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Normanby Hotel

  • 600283
  • 1 Musgrave Road, Red Hill


Also known as
The Normanby
State Heritage
Register status
Date entered
21 October 1992
Retail, wholesale, services: Hotel/inn
3.1 Developing secondary and tertiary industries: Feeding Queenslanders
3.8 Developing secondary and tertiary industries: Marketing, retailing and service industries
3.11 Developing secondary and tertiary industries: Lodging people
Nicholson, John B
Gales, T
Construction period
1890–1920, Normanby Hotel (1890 - 1920s)
Historical period
1870s–1890s Late 19th century


1 Musgrave Road, Red Hill
Brisbane City Council
-27.45923003, 153.01437418


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Criterion AThe place is important in demonstrating the evolution or pattern of Queensland’s history.

The Normanby Hotel is important in demonstrating the evolution of hotels and the associated evolution of hotel architecture in Queensland. Built in 1890 on a site used as a hotel since 1872, the Normanby Hotel is evidence of a major period of prosperity and growth in Queensland, which was reflected in increasingly elaborate and substantial hotel designs, especially in Brisbane.

Criterion DThe place is important in demonstrating the principal characteristics of a particular class of cultural places.

The Normanby Hotel is a fine example of a late 19th century hotel and is important in demonstrating the principal characteristics of its type through its prominent location on the corner of a major intersection; its form, scale, and use of detailed exterior ornamentation to attract attention; and its interior layout, which includes bar and service areas on the ground and first floor levels, and former bedroom spaces above.

Criterion EThe place is important because of its aesthetic significance.

The Normanby Hotel has aesthetic significance as a landmark building at the fringe of the Brisbane CBD, standing prominently on the corner of a major five-way intersection. Displaying a rich variety of materials and ornamental details, the hotel is important for the picturesque qualities of its external composition. The south-eastern beer garden features a mature fig tree which provides an attractive setting for the building. The sloping topography and the projecting, triangular-shaped site enhance the visual prominence of main south-west and south-east elevations of the hotel along surrounding roads.


The Normanby Hotel, located prominently on the Normanby Fiveways intersection at Red Hill, Brisbane, is a two storey brick building with a lower level, built in 1890 on a site used for hotel purposes since 1872.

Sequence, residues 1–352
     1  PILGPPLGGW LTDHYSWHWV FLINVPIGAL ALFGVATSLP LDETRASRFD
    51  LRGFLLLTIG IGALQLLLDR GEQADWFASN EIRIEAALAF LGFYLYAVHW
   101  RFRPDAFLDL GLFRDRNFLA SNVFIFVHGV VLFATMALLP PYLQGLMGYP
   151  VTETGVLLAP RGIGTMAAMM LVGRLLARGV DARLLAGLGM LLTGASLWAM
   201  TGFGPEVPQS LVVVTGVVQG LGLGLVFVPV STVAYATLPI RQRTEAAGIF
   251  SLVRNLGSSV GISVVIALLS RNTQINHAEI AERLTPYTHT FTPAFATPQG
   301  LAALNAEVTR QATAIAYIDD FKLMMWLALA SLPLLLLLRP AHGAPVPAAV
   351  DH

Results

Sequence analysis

Hotels have played an important role in the historical development of Queensland. Often the first places to appear along transport routes and at fledgling settlements, hotels have catered to travellers, provided spaces for communities to drink, socialize and conduct business and meetings, and have strongly contributed to local economies. Architecturally, hotels have ranged from ephemeral makeshift shanties to more permanent and imposing buildings that have competed with civic and commercial buildings to dominate their surrounds. In urban areas, street corners have been particularly favoured sites for hotels to emphasize their commercial presence.

Over time, legislative provisions for licensed premises influenced the architecture and layout of hotels, by requiring a range of minimal standards, including those related to the number of rooms, height limits of rooms, and separate entries for guests. Coupled with the domestic nature of the services provided, the requirement for licensees to reside on the premises shaped hotels' characteristic internal mix of private and public spaces.

The area around the intersection of Petrie Terrace and Kelvin Grove Road, on the fringe of Brisbane's town centre, began to develop from the 1860s. While land was initially surveyed for small residential allotments, the siting at a road junction and increases in traffic led to shops and other services gradually appearing along the road. The growth in the area saw the naming of the small suburb Normanby, after Queensland's third governor (1871-1875) George Augustus Constantine, the Marquis of Normanby. The route of Brisbane's first suburban railway to Sandgate (1882) went close to this junction, with a Normanby station for passengers operating until the early 1890s.

Musgrave Road, originally a continuation of Petrie Terrace toward Red Hill, had developed into a small business area by the 1880s. The forming of College Rd across the rail line (connected to Gregory Terrace) and Countess Street created the Normanby ‘Fiveways', which became one of Brisbane's major traffic intersections, especially following the introduction of horse-drawn bus services and trams (later electric-powered).

The original Normanby Hotel opened in 1872. The first owner and publican, Matthew Burton, purchased land on the corner of Musgrave and Kelvin Grove Roads in 1865. In December 1871 Burton (originally a carpenter) gave notice of his intention to apply for a publican's licence for the Normanby Hotel, which was granted in January 1872. The original hotel, a two storey timber building was oriented towards Kelvin Grove Rd.